For 5 Days I tracked everything that went in (and out) of my body.

Because I’m not working, and have little income I tend to try and not leave the house. Leaving the house costs money. My eating habits are reflected in that. I live in a neighborhood with a diverse selection of foods, but maybe not the most healthy options. My eating habits are reflected in that.

I started tracking my eating on Tuesday February 8th. I ate breakfast in the morning at home, but ended up going to study at The New School’s library. I ended up going to get a falafel and pita when I saw a sign advertising a deal. Whenever I am at school, I usually try to stop at my favorite restaurant, African Cuisine, and grab something on the way home. I alter my train route home just to get there. I can eat a hearty meal for $2-$3 dollars there.

On Wednesday I had to go to class, but also left the house to DJ at a club in Manhattan. Since I didn’t have to go to class until the afternoon I was able to eat both breakfast and lunch at home. This helped me save money, and if we’re gonna get socially conscious… cut down my waste as well. I usually eat Cheerios for breakfast and sandwiches for lunch with the ingredients I buy at my local Key Foods.

Sometimes, when I don’t have time… a lot of times when I don’t have time, I eat dollar pizza. I usually go to the same place by the West 4th Street Subway stop. I usually by two slices and a coke. It costs $2.75.

The DJ gig that night was at a place called Don Hills, where I opened for the great rap group 9/11 Thesaurus. Buy their album when it comes out in a couple weeks!

I drank 2 beers.

On Thursday once again I was able to eat at home. I ate the same thing as the day before. Eating on a budget gets boring. So after a long week of studying and classing, I decided to treat myself to a meal that I tend to miss living on the East Coast… Tacos!

Not that you can’t find Tacos in NY, but in the Bay Area I survived on Mexican food. In New York, some good Mexi-Cali style corn tortilla, cilantro, onion, salsa picante, pastor, limón tacos cost $7.50.

Still, they were good. The place was called La Superior and it’s in Williamsburg, BK.

It’s what they call “Home food”, but as I move around I find that everywhere I go I miss food from somewhere else.

That night I drank 3 beers?

On Friday the Egyptian people rose up, and Mubarak stepped down:

I ate Cheerios and a sandwich. Then had another DJ gig with the FAM, Dutty Artz! It was a fun party. Come to them. They’re the 2nd Fridays of every month at the cove.

I was running out of time before the gig so I ate a Turkish Style Döner Kebab from Bedford Street in Williamsburg. I ate and threw everything away at the bar.

I drank % beers.

On my way home my taxi driver, maybe sensing that I was having a little too much fun decided to give me lessons on moral behavior.

On Saturday I had to wake up early (10:00, ha!) to go to French Class.

Since I was not in the best of shape, after little sleep and… hm… you know… I needed to put something in my body. I started with water, but it wasn’t keeping my alert (or mentally functioning) in class.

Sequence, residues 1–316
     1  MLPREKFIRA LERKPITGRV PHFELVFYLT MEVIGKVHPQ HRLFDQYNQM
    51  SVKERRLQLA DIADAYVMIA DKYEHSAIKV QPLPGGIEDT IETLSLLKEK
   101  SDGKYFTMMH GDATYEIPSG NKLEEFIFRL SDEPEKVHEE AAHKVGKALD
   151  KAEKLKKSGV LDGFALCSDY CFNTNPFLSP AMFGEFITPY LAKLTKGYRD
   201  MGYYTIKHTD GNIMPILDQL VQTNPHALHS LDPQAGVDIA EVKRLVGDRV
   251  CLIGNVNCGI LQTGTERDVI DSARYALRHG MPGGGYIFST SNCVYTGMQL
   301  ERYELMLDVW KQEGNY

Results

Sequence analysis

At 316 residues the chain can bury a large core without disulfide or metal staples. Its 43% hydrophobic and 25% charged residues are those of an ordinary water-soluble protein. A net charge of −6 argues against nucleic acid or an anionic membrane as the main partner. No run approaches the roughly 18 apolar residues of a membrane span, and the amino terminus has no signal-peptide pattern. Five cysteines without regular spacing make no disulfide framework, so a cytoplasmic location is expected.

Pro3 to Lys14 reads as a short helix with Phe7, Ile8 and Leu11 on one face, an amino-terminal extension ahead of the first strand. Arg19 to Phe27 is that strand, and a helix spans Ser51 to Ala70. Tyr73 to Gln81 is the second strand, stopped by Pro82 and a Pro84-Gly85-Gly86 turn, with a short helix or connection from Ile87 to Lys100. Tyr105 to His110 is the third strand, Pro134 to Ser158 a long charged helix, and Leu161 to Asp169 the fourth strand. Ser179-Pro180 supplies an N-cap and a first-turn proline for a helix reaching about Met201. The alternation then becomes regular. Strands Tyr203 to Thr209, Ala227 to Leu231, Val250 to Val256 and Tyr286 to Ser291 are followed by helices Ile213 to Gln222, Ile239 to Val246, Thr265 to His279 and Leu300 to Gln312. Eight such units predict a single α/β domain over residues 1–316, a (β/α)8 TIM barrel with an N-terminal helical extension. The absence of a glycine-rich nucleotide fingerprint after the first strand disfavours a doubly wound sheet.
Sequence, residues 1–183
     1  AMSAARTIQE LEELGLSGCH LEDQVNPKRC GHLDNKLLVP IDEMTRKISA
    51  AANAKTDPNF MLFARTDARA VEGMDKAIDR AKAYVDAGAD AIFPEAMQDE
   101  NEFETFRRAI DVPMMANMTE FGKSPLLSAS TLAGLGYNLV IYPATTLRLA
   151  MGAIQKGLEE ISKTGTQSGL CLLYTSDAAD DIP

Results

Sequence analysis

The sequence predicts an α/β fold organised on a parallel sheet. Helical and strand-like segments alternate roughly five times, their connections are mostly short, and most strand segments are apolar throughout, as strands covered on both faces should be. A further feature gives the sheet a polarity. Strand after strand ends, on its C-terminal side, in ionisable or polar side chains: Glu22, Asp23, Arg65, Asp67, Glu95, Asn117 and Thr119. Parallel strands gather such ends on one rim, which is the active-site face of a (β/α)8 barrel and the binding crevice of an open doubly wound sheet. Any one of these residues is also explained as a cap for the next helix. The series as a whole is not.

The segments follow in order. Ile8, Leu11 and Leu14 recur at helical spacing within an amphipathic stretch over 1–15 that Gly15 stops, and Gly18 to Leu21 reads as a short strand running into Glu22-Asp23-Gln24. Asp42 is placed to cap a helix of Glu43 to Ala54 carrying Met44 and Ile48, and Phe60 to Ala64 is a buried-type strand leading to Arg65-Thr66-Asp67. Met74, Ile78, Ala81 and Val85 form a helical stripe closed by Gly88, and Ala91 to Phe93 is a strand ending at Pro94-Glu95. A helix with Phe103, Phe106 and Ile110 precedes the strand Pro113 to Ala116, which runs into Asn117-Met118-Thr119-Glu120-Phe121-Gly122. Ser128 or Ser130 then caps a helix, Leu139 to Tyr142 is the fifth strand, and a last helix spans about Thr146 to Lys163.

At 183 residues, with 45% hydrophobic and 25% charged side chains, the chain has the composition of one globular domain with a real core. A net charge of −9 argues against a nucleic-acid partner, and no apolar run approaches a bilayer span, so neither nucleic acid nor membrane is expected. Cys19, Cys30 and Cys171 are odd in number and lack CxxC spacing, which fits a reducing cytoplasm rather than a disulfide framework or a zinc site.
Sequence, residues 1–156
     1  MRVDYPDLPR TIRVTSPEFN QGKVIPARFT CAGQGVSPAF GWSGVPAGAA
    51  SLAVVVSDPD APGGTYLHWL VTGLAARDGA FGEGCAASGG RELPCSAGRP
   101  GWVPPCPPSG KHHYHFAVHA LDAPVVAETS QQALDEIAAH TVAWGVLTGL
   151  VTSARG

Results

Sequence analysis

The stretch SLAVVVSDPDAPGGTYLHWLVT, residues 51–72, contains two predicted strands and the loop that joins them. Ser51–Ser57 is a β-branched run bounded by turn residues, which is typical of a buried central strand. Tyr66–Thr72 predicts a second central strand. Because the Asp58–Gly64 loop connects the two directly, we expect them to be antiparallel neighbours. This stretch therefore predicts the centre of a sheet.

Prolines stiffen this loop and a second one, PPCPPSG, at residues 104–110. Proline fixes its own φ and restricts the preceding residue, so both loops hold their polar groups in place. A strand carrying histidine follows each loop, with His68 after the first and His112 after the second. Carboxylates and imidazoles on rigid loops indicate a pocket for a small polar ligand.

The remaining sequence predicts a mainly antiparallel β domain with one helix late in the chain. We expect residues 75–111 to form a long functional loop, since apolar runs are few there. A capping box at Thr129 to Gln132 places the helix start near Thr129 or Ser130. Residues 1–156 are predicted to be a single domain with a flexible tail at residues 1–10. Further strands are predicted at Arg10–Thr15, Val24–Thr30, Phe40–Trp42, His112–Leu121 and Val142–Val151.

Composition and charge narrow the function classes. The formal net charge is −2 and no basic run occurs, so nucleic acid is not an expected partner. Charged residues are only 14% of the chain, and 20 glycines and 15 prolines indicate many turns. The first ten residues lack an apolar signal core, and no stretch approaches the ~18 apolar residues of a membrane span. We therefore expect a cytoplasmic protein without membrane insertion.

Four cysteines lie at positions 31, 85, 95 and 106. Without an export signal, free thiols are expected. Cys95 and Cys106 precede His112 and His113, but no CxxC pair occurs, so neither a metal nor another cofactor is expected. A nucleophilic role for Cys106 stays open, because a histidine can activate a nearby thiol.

I don’t drink coffee. I went to Starbucks and got coffee. I ate an “Artesian Breakfast Sandwich”. I’ve always had the impression that Starbucks was an evil place. I didn’t seem so bad.

I feel like I’m going to start drinking coffee because of New York.

I recycled? 🙂

Then I went home and got more comfort food at African Cuisine. I passed out, woke up a few hours later, and decided I couldn’t leave the house. I ate whatever I could find.


(Click on chart images for larger sizes)

This is a map of small business owners’ representations of their neighborhood by the names of ethnic groups they put on their awning to draw in customers.  The map provides an alternative perspective on the ethnic makeup of Bed-Stuy, to the one provided by census data shown on the NY Times map.  Not that the Times map doesn’t provide a useful perspective on the city as a whole, but a more dynamic and flowing map like the above may provide a more tangible example of the lived experience in a neighborhood through how people identify their neighbors. Individual peoples’ identities are not static, and the river with different currents is also more indicative of the way people generally self-identify.

While the above map provides a glimpse at a new way to imagine the neighborhood, of course it is not perfect and far from scientific.  Chinese food is ubiquitous and not necessarily representative of the make up of the neighborhood, and the existence of Thai and Japanese point to another trend I address below.  There is also an interesting layering that happens amongst different immigrant groups, where the latest to arrive group puts all the names in their awnings, giving more weight and importance to words like “American” and “West Indian” than perhaps they deserve.  For example, all the Bangladeshi store owners put “Bangladeshi, Indian, African, West Indian, and American” in their awnings.  Africans generally put “African, West Indian, and American”, and West Indians put “West Indian and American.”  Those who identify culturally as American generally put “Southern or Soul Food” reflecting their migrant connection to the U.S. South.  Perhaps not surprisingly, the section of the map where the most non-immigrant identifying “Americans” live are the places where they are not represented on the map and vice-versa.

The next two maps can go deeper to show a more comprehensive view of different cultures in the neighborhood.  Food consumption, and dietary preferences are measures of how culture and class interact in the neighborhood.  Compare individual blocks to see how different food consumption trends correlate to the various ethnic identities.


In the above chart, I lumped different food places into 5 major categories, and mapped their prevalence along the Fulton street strip.  The breakdown provides further insight into food behaviors in the neighborhood:

  • The blue strip is all small businesses that prepare food to buy as individual dishes, take out, ethnic eateries, and local chains like Golden Crust, and Crown Fried Chicken.
  • The gray outlining above are national chains like KFC, Popeyes, and Applebys. They are ubiquitous, but gain a larger proportion the further east you go, meaning there are less options for healthy dining (see below).